When I was on active duty we were required by the Navy to send regular meteorological reports to Washington. I imagine this still continues.
Part of those reports was sea water temperatures. When a steam driven ship is underway the sea water injection temperature is an important factor in monitoring the efficiency of a Carnot Cycle heat engine. However, when I called main control to ask for the sea water temp they always reported it to 1 degree F. A degree F is 0.556 deg. C, certainly not a precision of 0.1.
NOAA has a number of buoys that reports sea conditions, among which is sea water temp. If I remember correctly, these report temps to 1 degree C.
Airport reporting systems also report to 1 degree F as I recall. But those systems are almost always in heat islands around cities and can not be trusted for much other than the use aviators put them to. We have seen that many of the rest of the stations are in similar situations, even being placed near Asphalt pavements and building air conditioning condensers.
Frankly, unless Schaffer can do better than spout boilerplate I will remain unconvinced. From what I've seen, you would be fortunate if you could arrive at a figure good to 5 degrees, much less 1 degree no matter which scale you chose to use.
Richard L. Hardison, PLS, PE, CFedS Waynesville, NC
But surely if you average enough accurate to 1.0 degree the result will be accurate to 0.1 degree?
Re: 1/10 of a Degree
It is a common theme for quite a few too many years now (actually even one year is too many) that in order to be a credible expert on climate you must hold the required opinion. Never mind that the acclaimed experts uses of statistics are often debunked by statisticians and so on with other fields of specialty. Those who hold the mandated correct opinion are the only ones to be believed. the various researchers (academic and otherwise) who follow the scientific process and have come to varying conclusions are simply not to be believed no matter their actual expertise or the quality of their work.
Climate Science is a religion tended to by Anointed Priests. Hands off, unwashed one!
Keep focusing on the basics. Yes, you will continue to suffer attacks. The reality is not about opinions or exalted status, it is about physics. What is happening is happening regardless of our ability to discover it or whether we have or ever will discover it. The great thing about the scientific process is that it deals in facts. People, alas, deal in politics. When someone says "This is what's happening" but they refuse to publish their data and their calculations and their computer code (I mean publish everything in case I left out anything), it is just a political assertion.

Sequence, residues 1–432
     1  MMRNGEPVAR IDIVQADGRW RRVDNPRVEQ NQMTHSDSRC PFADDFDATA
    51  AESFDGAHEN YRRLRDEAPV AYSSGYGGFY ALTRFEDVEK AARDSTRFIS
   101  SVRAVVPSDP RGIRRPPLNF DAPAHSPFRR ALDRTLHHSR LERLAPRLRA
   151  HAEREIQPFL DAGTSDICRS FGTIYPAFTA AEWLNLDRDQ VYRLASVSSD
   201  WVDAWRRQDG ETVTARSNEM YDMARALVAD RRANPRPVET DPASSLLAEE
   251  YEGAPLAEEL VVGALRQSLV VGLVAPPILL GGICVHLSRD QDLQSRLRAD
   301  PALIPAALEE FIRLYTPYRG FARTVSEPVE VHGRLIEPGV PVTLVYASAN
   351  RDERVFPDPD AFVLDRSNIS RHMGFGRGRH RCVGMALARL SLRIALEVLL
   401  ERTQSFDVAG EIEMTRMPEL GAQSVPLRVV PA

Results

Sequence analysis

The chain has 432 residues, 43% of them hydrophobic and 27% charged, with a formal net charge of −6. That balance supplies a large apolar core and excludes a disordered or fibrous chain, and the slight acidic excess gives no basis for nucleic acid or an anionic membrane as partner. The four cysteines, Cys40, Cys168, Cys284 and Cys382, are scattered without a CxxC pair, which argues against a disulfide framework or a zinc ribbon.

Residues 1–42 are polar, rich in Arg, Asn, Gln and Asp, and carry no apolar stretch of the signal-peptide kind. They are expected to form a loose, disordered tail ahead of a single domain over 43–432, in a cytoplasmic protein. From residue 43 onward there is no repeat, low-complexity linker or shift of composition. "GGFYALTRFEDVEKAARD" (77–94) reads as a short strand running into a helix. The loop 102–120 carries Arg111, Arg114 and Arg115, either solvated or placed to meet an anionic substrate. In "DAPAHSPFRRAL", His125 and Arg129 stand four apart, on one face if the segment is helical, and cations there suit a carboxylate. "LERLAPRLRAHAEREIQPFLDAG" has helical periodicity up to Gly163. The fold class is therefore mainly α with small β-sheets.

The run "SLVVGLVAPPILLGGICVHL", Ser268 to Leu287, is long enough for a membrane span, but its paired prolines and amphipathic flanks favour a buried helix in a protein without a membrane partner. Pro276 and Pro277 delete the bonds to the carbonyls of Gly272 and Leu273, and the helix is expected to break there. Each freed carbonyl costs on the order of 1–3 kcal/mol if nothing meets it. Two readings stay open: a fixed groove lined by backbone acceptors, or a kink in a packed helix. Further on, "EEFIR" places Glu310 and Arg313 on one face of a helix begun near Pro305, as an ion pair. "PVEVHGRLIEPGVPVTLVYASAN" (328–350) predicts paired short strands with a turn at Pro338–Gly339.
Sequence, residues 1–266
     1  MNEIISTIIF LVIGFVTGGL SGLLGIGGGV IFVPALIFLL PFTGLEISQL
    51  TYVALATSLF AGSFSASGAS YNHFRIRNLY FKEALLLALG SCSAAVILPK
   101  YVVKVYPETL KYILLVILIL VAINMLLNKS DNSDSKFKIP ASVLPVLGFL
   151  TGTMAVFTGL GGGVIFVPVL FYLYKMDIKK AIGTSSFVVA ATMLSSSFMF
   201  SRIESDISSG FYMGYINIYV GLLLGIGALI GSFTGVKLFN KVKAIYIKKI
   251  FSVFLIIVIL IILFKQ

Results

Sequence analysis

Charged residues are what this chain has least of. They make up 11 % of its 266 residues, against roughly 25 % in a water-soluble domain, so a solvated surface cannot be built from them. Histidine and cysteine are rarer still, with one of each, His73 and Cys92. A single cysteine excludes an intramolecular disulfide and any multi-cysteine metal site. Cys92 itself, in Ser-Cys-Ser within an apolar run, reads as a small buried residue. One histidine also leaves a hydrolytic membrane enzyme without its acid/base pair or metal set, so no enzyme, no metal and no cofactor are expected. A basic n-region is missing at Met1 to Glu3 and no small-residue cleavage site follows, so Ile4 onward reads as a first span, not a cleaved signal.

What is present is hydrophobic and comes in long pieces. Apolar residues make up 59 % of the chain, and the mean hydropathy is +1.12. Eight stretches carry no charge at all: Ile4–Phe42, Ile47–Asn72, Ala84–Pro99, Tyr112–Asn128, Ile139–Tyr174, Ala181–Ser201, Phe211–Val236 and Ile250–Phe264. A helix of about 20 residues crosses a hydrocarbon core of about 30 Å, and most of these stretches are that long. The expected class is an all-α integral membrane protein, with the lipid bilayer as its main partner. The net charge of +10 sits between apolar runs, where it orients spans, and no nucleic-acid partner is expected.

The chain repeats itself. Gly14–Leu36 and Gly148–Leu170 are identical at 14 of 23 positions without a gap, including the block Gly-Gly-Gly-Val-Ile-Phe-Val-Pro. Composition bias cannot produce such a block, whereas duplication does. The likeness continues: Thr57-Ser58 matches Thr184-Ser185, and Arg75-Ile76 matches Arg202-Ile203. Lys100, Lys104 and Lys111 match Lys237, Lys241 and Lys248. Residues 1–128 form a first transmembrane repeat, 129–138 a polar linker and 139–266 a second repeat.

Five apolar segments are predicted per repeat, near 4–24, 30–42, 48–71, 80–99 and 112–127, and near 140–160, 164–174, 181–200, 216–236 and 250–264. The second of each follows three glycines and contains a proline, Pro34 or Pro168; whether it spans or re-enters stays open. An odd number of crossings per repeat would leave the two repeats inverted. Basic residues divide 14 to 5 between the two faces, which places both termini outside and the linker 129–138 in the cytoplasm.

Many of the adjustments made to temperature records before their use for published temperatures of the earth and its regions are left unexplained. That is unacceptable. Much of the original data in critical proxy reconstructions was or is refused publication. Unacceptable. Selecting data that agrees with your preferred conclusion. Unacceptable. Presenting advocacy groups' non-scientific publications in reference lists (2007 IPCC report) as peer-reviewed scientific research. Unacceptable. The list is long.
Anything that is actually science - and I don't give a damn what anybody has been getting away with forever with peer review or anything else, I mean real science - then it can withstand rigorous and complete audit of the data and review of calculations and conclusions.
The only objective judge is when calculations match reality. Past or present doesn't matter, except for people. Whenever people are involved (always, right?) we can only use predictions of future conditions and/or events to help judge the correctness of an idea.
This is all very basic, just like the questions you are asking. Keep asking them. The emperor's tailors will continue to assail you. Such is life.
RE: Your correspondent Mark Schaffer--"Beats the complete lack of research the denialists indulge in"